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Acts 26

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Paul Offers His Defense

26:1 So Agrippa 1  said to Paul, “You have permission 2  to speak for yourself.” Then Paul held out his hand 3  and began his defense: 4 

26:2 “Regarding all the things I have been accused of by the Jews, King Agrippa, 5  I consider myself fortunate that I am about to make my defense before you today, 26:3 because you are especially 6  familiar with all the customs and controversial issues 7  of the Jews. Therefore I ask 8  you to listen to me patiently. 26:4 Now all the Jews know the way I lived 9  from my youth, spending my life from the beginning among my own people 10  and in Jerusalem. 11  26:5 They know, 12  because they have known 13  me from time past, 14  if they are willing to testify, that according to the strictest party 15  of our religion, I lived as a Pharisee. 16  26:6 And now I stand here on trial 17  because of my hope in the promise made by God to our ancestors, 18  26:7 a promise 19  that our twelve tribes hope to attain as they earnestly serve God 20  night and day. Concerning this hope the Jews are accusing me, 21  Your Majesty! 22  26:8 Why do you people 23  think 24  it is unbelievable 25  that 26  God raises the dead? 26:9 Of course, 27  I myself was convinced 28  that it was necessary to do many things hostile to the name of Jesus the Nazarene. 26:10 And that is what I did in Jerusalem: Not only did I lock up many of the saints in prisons by the authority I received 29  from the chief priests, but I also cast my vote 30  against them when they were sentenced to death. 31  26:11 I punished 32  them often in all the synagogues 33  and tried to force 34  them to blaspheme. Because I was so furiously enraged 35  at them, I went to persecute 36  them even in foreign cities.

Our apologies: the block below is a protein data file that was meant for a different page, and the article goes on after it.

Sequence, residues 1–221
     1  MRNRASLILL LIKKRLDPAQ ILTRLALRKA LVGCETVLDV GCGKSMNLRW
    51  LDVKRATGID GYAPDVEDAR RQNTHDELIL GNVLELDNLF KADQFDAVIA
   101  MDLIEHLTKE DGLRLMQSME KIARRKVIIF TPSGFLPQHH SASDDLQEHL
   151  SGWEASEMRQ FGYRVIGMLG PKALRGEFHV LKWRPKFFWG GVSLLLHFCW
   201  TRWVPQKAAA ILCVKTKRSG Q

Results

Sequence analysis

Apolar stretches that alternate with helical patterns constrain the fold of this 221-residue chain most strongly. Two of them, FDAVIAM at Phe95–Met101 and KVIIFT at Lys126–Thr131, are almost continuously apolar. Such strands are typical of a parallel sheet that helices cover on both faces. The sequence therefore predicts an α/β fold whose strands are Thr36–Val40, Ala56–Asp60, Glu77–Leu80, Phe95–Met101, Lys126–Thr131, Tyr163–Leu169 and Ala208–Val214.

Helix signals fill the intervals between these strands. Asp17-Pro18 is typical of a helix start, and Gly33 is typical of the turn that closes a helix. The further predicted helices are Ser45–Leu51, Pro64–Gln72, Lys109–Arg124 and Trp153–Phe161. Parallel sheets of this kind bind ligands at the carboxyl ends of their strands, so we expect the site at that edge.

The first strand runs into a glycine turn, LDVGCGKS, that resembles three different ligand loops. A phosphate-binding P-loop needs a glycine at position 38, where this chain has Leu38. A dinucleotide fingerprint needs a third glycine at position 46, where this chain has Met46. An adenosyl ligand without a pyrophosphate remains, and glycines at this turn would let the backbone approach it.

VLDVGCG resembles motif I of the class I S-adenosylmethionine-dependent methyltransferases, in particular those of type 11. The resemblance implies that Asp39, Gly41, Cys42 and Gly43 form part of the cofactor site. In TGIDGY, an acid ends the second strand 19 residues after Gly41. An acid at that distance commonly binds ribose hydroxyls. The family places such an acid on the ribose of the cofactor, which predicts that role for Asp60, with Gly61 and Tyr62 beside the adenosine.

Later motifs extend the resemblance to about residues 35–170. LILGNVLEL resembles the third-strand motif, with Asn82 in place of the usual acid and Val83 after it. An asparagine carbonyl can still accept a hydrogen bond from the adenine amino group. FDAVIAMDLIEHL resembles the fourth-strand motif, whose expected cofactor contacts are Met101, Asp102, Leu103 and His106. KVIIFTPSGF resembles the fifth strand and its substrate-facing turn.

26:12 “While doing this very thing, 37  as I was going 38  to Damascus with authority and complete power 39  from the chief priests, 26:13 about noon along the road, Your Majesty, 40  I saw a light from heaven, 41  brighter than the sun, shining everywhere around 42  me and those traveling with me. 26:14 When we had all fallen to the ground, I heard a voice saying to me in Aramaic, 43  ‘Saul, Saul, why are you persecuting me? You are hurting yourself 44  by kicking against the goads.’ 45  26:15 So I said, ‘Who are you, Lord?’ And the Lord replied, 46  ‘I am Jesus whom you are persecuting. 26:16 But get up and stand on your feet, for I have appeared to you for this reason, to designate you in advance 47  as a servant and witness 48  to the things 49  you have seen 50  and to the things in which I will appear to you. 26:17 I will rescue 51  you from your own people 52  and from the Gentiles, to whom 53  I am sending you 26:18 to open their eyes so that they turn 54  from darkness to light and from the power 55  of Satan to God, so that they may receive forgiveness of sins and a share 56  among those who are sanctified by faith in me.’

26:19 “Therefore, King Agrippa, 57  I was not disobedient 58  to the heavenly 59  vision, 26:20 but I declared to those in Damascus first, and then to those in Jerusalem and in all Judea, 60  and to the Gentiles, that they should repent and turn to God, 61  performing deeds consistent with 62  repentance. 26:21 For this reason the Jews seized me in the temple courts 63  and were trying to kill me. 26:22 I have experienced 64  help from God to this day, and so I stand testifying to both small and great, saying nothing except 65  what the prophets and Moses said 66  was going to happen: 26:23 that 67  the Christ 68  was to suffer and be the first to rise from the dead, to proclaim light both to our people 69  and to the Gentiles.” 70